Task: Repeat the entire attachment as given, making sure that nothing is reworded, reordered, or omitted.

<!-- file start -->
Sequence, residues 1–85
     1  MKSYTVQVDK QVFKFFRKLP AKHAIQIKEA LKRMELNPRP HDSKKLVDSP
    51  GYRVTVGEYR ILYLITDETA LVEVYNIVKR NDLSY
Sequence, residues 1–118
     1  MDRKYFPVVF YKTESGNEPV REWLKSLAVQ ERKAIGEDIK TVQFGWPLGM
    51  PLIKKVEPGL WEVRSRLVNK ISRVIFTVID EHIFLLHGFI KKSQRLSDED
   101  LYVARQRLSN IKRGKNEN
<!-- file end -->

Sequence, residues 1–85
     1  MKSYTVQVDK QVFKFFRKLP AKHAIQIKEA LKRMELNPRP HDSKKLVDSP
    51  GYRVTVGEYR ILYLITDETA LVEVYNIVKR NDLSY
Sequence, residues 1–118
     1  MDRKYFPVVF YKTESGNEPV REWLKSLAVQ ERKAIGEDIK TVQFGWPLGM
    51  PLIKKVEPGL WEVRSRLVNK ISRVIFTVID EHIFLLHGFI KKSQRLSDED
   101  LYVARQRLSN IKRGKNEN